Monroe County contributed a couple of items to the Blue Paper about capital projects in the Upper Keys. This appears to be an offshoot of the county’s “Craptacular” spreadsheet deception strategy. The idea is to hyper-focus attention on Upper Keys projects in order to delude people into believing that the Upper Keys receives some out-sized benefit from the infrastructure sales tax. In fact, the “Craptacular” spreadsheet only lists Upper Keys projects and fails to provide any basis of comparison to other areas of the Keys.
The county’s project history report, which lists all projects, demonstrates that far more money is spent in the Lower Keys. A summary table derived from that spreadsheet is provided below. (Please excuse the ugly formatting.) About $61 million has been spent in the Upper Keys compared with almost $192 million in the Lower Keys. When all the facts are on the table, it’s hard for the county to justify its policy of requiring Key Largo citizens to pay more for needed government services than their counterparts elsewhere in the Keys.
In keeping with the “Craptacular” strategy, the county only submits news items about Upper Keys projects. The idea is to hide some very inconvenient truths. Such as…
- Unlike their counterparts in the other unincorporated areas, Key Largo taxpayers have been denied county funding for emergency vehicle replacements. Folks in Key Largo may be obligated to pay for replacements out of increased property taxes collected locally rather than out of the infrastructure sales tax collected county-wide, including Key Largo.
- Key Largo taxpayers have also been denied fair wastewater funding, and as a result they pay more for a sewer project that actually cost far less than wastewater projects in the other unincorporated areas. The list goes on and on. The “Craptacular” spreadsheet is a transparent attempt to justify this negligent unfairness so that Key Largo can continue to be subjected to double taxation.
The sad fact is that if the county wants positive coverage of its miserably failing capital projects program, their best bet is to generate their own. Here’s a link to a story about a nuisance flood remediation project in Key Largo written by a local homeowner who benefits from that particular project. And here’s another link to a story about the recently completed pedestrian walkway over Adams Cut written by the county’s public misinformation officer, Cammy Clark. And, of course, the iPhone Bandit wrote a propaganda piece about the county’s “achievements”, which was easily debunked.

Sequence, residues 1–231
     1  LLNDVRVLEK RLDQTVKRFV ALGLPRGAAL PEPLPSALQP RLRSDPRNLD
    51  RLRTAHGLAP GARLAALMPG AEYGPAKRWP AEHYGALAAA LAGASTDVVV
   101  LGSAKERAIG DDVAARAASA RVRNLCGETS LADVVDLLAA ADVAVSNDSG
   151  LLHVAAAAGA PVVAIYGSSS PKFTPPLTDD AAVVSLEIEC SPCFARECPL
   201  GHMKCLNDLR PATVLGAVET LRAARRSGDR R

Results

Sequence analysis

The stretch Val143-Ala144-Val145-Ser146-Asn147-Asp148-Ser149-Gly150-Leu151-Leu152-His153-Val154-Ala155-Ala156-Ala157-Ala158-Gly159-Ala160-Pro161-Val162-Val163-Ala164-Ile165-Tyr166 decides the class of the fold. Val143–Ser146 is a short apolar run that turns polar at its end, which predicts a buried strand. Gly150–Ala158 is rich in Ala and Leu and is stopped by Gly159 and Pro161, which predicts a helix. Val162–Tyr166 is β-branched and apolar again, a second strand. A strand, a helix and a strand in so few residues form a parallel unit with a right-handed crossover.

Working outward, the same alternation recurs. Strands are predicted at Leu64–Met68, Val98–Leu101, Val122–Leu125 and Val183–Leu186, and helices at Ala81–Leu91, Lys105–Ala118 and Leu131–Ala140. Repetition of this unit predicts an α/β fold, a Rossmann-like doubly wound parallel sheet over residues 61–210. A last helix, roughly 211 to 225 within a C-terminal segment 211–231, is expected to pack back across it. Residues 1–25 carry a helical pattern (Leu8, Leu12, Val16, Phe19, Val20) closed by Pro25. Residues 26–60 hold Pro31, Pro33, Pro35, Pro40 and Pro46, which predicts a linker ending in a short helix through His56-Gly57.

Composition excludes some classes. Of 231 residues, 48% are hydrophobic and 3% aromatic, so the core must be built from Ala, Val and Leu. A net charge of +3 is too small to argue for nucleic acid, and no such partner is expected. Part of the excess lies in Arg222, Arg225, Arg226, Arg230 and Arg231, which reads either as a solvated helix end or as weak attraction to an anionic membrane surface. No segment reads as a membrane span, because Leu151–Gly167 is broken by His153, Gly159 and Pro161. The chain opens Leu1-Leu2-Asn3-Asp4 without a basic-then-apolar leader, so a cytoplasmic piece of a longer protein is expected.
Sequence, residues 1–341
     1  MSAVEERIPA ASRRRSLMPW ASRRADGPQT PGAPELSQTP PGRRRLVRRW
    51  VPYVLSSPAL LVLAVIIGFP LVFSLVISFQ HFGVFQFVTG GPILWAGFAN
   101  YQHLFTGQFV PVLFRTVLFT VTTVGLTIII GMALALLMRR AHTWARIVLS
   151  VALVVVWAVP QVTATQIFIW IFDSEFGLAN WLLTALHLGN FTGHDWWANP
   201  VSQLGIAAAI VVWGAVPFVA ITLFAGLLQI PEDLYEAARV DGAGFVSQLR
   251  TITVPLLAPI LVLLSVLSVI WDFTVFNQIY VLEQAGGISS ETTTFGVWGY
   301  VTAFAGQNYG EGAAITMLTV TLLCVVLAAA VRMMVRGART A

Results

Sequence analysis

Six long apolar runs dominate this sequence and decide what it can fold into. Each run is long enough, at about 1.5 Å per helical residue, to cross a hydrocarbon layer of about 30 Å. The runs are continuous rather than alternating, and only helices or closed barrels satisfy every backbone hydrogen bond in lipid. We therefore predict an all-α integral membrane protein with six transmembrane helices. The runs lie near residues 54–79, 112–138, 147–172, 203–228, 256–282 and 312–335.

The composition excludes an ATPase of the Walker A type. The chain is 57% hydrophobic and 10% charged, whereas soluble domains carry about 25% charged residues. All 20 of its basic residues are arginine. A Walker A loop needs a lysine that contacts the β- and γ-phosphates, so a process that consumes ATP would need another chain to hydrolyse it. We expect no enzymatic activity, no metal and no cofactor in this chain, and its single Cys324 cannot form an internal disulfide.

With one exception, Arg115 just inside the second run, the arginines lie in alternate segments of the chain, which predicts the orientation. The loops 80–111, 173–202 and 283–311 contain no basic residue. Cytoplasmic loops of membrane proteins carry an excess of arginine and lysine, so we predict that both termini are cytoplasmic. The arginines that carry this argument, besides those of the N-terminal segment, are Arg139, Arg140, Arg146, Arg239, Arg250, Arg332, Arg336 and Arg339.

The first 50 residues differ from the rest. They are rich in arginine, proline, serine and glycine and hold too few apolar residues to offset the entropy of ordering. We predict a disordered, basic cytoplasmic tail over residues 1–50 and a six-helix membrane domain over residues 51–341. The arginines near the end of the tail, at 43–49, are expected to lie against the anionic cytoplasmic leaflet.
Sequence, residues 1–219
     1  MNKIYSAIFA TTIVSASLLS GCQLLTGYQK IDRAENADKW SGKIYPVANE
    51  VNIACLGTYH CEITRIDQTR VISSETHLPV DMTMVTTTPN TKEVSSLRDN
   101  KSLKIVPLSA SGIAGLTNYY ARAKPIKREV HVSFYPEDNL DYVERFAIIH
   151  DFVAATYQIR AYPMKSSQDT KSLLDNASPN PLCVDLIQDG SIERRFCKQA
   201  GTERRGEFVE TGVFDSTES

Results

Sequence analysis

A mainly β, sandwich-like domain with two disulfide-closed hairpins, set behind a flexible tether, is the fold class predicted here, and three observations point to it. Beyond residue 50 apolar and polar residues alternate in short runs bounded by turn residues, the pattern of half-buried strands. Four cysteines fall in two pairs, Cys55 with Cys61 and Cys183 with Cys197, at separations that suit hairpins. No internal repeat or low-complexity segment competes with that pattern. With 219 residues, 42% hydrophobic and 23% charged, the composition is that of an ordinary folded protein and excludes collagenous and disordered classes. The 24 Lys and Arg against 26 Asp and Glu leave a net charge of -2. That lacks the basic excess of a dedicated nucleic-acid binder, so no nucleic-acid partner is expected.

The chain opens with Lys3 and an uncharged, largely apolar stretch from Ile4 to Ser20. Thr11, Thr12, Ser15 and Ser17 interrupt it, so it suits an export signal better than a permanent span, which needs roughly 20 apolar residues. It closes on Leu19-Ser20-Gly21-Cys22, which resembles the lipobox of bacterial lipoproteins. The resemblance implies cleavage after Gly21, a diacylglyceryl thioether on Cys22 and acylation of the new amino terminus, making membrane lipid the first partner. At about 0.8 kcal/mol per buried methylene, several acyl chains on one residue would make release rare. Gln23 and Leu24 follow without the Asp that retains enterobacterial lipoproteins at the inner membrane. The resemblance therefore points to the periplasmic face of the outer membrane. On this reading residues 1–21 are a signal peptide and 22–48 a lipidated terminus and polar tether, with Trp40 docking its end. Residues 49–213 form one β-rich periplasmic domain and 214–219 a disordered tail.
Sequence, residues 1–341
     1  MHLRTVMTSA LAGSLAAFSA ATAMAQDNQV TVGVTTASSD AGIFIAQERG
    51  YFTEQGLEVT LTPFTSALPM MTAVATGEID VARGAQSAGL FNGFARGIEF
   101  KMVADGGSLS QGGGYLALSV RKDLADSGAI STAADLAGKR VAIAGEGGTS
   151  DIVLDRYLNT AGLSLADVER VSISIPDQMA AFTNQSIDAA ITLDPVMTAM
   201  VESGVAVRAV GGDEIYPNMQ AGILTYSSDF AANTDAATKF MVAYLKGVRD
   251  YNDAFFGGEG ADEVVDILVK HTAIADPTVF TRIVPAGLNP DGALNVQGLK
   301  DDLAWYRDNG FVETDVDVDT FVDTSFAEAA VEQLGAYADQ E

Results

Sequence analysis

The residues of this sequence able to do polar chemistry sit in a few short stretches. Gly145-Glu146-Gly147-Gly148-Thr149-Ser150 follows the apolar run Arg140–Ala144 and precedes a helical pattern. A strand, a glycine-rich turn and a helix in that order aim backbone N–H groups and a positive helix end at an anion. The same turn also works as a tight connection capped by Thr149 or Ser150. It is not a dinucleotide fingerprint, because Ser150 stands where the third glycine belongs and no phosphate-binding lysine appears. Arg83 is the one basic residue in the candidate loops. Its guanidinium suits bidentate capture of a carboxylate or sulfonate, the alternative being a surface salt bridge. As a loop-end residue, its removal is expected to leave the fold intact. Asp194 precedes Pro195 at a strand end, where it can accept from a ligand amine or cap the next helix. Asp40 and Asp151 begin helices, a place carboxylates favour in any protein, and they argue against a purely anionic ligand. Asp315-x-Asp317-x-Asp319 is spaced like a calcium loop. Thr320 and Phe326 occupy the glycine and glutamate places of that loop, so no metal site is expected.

There’s also this very strange story in the Citizen about the canal restoration projects. As we know, county staff is anxious to squander $700 million on these projects even though it is unclear what exactly they are supposed to accomplish. What’s so strange is that county commissioner Danny Kolhage, of all people, seems to be emerging as a voice of reason. Remember that Danny Kolhage has long been an advocate for reckless spending on capital projects. He aggressively pushed spending on the Cudjoe Regional project, which now stands at an astonishing $49 million over budget. He was also a cheerleader for the Bernstein Park bait and switch. Some how that project went from $3 million to $8 million. On Kolhage’s watch, the county’s long-term debt has skyrocketed by $165 million dollars.
Now Kolhage is demanding a water quality study before any more taxpayer money is spent on the canal restoration projects. I couldn’t agree more. In fact, I believe the water quality study should be expanded to examine the impacts of all water quality projects, especially the wastewater projects. As we know, the county’s “partner” in its wastewater projects, the Florida Keys Aqueduct Authority (FKAA), has repeatedly failed to meet effluent quality requirements in two locations – Big Coppitt and Duck Key.
Better make that three. It looks like the Key Haven plant is failing as well. Here’s a link to November’s Discharge Monitoring Report (DMR) showing several exceedances on total nitrogen and total phosphorus. There’s a note at the bottom saying that an administrative order from FDEP is expected. To make matters worse, the FKAA is now failing to honor the settlement agreement with local citizens groups regarding the shallow wells at Cudjoe Regional.
There’s no question that the wastewater projects should have a very positive effect on water quality, but only if they’re working properly. The “partnership’s” wastewater projects need to be fixed before the county runs off half-cocked on the poorly conceived and hyper-expensive canal restoration projects in those areas.
As I mentioned above, Kolhage has never been a supporter of financial restraint. Nor has he ever been supportive of funding equity. So I’m sure he’s got some angle here. Perhaps the study will be conducted before the failing wastewater projects are fixed, giving the false impression that canal projects are more “necessary” in those areas. Even so, I still think water quality monitoring is a good next step. It will be up to us, the taxpayers and citizens, to make sure the study is properly conducted and that the results are not presented in a deceptive way to justify more inequitable run-away spending.